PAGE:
Barry – 2016
9 Tracks; 49 minutes
It is not often you get to review a moment in time. Recently, I’ve had two opportunities. First I had the privilege of reviewing John Mayall Live in 1967 and now I am reviewing a genuine article of the golden age of electric blues, Big Smokey Smothers. The notes from The Crown’s band leader Paul Barry said that they backed Smokey on this recording in 1992. Otis “Big Smokey” Smothers died a year later from heart disease. So this CD truly has captured a snapshot of a blue great.
The fact that he was not in the best of health is reflected in his vocals on this album. His voice is still expressive, still capable of nuance and emotional connection. But it is not quite fully robust. That, however, should not diminish your enjoyment of an album done in the classic Chicago Blues style. This is proudly old school, led by a musician who knows what that means.
This CD is as much about Paul Barry and The Crowns as Big Smokey. To do this kind of blues well takes a group of musicians who have an instinctual feel for it. The Crowns are certainly up to it. They support Big Smokey without overwhelming him while still providing a full blues band sound around him.
It starts with the title track, “That’s Alright” which shuffles along just like a Chicago Blues tune should. Paul Barry’s harp darts in and out with sweet fills, nicely buoyed by special guest pianist Thomas Mahon. This tune swings along and sets up the tone for the entire album.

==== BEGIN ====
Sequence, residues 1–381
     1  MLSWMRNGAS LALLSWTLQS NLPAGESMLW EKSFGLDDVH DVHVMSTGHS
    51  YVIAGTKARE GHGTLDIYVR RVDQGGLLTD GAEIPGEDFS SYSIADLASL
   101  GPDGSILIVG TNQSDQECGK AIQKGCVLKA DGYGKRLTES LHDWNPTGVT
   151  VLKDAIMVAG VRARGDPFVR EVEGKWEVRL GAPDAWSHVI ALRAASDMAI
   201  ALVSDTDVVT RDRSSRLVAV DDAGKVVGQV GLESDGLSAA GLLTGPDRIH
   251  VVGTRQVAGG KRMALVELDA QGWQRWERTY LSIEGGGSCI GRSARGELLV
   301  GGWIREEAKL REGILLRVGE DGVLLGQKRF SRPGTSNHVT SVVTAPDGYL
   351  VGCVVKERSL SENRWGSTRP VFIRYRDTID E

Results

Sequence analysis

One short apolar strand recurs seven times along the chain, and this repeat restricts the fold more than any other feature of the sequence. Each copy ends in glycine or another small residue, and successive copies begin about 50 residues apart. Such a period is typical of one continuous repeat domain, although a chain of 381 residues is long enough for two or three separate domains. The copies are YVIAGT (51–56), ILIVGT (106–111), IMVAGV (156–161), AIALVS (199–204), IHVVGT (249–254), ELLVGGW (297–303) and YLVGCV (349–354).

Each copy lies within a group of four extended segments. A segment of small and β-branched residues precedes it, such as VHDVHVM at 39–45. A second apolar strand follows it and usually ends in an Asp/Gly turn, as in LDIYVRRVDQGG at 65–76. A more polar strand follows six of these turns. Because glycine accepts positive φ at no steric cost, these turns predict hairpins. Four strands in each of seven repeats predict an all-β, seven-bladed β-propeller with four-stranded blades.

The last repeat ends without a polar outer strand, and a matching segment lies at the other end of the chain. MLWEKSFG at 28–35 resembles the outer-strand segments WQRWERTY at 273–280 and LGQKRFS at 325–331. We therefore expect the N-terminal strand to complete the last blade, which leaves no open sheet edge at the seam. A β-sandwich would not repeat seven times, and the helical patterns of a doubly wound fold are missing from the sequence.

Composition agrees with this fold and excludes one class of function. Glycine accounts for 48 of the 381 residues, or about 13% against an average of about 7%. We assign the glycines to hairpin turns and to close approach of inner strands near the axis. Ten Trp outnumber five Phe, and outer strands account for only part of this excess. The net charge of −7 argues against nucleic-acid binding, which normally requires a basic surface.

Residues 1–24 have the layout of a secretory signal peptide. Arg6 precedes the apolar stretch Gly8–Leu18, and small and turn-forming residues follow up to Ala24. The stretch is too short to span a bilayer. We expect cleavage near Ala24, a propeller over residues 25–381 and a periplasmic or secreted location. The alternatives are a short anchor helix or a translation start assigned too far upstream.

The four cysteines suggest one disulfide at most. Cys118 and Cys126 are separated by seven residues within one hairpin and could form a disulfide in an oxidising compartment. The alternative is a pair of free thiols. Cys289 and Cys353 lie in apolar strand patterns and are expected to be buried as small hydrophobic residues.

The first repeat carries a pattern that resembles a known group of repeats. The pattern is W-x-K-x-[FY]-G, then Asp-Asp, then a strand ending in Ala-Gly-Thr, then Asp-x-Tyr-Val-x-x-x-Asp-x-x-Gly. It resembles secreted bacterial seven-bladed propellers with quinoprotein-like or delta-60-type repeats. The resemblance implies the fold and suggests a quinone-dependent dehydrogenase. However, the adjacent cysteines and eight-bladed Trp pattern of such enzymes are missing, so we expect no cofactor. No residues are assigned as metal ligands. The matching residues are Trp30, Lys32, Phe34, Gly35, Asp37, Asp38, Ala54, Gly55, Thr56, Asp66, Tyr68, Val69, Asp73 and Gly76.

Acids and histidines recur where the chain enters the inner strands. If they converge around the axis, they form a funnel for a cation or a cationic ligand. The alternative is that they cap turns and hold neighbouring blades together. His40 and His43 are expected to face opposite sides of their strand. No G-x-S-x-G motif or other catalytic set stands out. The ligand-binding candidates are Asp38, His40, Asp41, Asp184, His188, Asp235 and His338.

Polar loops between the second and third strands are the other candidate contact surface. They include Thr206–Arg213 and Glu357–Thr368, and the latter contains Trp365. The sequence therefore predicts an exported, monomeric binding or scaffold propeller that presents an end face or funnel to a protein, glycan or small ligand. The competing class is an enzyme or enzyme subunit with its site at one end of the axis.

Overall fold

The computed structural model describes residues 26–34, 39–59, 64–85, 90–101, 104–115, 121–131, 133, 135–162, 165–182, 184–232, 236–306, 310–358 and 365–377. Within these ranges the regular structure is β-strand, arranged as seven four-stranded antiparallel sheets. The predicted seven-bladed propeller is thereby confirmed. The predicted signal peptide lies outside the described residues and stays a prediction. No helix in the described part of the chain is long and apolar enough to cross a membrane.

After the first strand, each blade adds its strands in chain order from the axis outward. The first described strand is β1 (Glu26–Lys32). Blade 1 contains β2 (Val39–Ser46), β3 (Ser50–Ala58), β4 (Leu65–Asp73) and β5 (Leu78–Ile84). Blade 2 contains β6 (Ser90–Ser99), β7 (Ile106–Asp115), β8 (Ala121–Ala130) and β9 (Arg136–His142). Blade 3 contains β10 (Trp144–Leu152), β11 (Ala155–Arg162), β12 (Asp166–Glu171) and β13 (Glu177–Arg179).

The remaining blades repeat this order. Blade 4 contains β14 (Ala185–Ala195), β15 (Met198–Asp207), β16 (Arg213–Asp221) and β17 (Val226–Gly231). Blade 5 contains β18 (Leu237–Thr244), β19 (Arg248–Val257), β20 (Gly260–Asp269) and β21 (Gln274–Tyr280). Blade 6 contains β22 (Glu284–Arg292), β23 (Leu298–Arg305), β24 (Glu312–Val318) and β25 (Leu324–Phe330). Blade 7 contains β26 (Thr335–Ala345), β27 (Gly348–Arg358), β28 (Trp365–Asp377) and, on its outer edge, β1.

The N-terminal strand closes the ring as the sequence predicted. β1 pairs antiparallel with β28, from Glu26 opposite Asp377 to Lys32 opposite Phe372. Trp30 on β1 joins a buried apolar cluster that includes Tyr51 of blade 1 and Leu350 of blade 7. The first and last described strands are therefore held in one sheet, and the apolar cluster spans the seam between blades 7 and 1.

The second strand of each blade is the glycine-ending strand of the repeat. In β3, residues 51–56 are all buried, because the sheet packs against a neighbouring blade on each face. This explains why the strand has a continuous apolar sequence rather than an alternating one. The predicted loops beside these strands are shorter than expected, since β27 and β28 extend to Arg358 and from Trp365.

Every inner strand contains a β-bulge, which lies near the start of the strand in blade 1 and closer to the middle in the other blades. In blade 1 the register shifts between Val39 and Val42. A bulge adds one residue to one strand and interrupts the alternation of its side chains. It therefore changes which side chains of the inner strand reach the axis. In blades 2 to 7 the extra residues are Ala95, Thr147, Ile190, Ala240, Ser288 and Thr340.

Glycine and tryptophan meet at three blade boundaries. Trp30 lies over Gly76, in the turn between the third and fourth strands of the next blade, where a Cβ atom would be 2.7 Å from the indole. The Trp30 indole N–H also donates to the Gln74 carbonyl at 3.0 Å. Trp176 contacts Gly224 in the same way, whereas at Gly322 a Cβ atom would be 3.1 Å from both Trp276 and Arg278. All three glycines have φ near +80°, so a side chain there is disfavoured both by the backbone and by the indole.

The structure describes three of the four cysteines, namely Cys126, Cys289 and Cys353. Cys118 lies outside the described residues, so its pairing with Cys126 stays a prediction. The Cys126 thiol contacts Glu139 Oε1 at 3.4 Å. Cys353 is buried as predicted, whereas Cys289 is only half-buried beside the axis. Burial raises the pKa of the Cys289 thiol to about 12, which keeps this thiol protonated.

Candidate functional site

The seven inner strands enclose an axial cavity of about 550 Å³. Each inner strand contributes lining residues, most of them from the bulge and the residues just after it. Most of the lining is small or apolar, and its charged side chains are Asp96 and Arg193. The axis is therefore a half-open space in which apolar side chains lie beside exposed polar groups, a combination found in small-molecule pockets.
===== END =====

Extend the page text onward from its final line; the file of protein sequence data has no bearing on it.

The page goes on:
Track 3, “Take A Little Walk With Me” follows in the tradition of Robert Johnson and other early blues men who took verses or snippets of verses that were already in existence and crafted a new song around them. You can hear a lot of influences in this tune with a healthy dose of “Sweet Home Chicago”. And like Johnson’s version, you can hear both Chicago and the Mississippi delta – acoustic country blues licks, interpreted through an electric slide guitar.
“41st Street Boogie” closes out the six tunes on this CD with Big Smokey Smothers, and it is a nice barrel-house piano piece with The Crowns filling in where they to with harp and guitar.
The last three tracks on the album feature The Crown’s own front man, Bobby Johnson. Johnson’s voice is a little stronger than Big Smokey’s, but not quite as expressive. Still, the three tracks reveal a traditional blues band serving the songs and the genre well. This is the kind of album you put on when you have a few friends over for a mellow evening. So smooth … mm, mm, mm.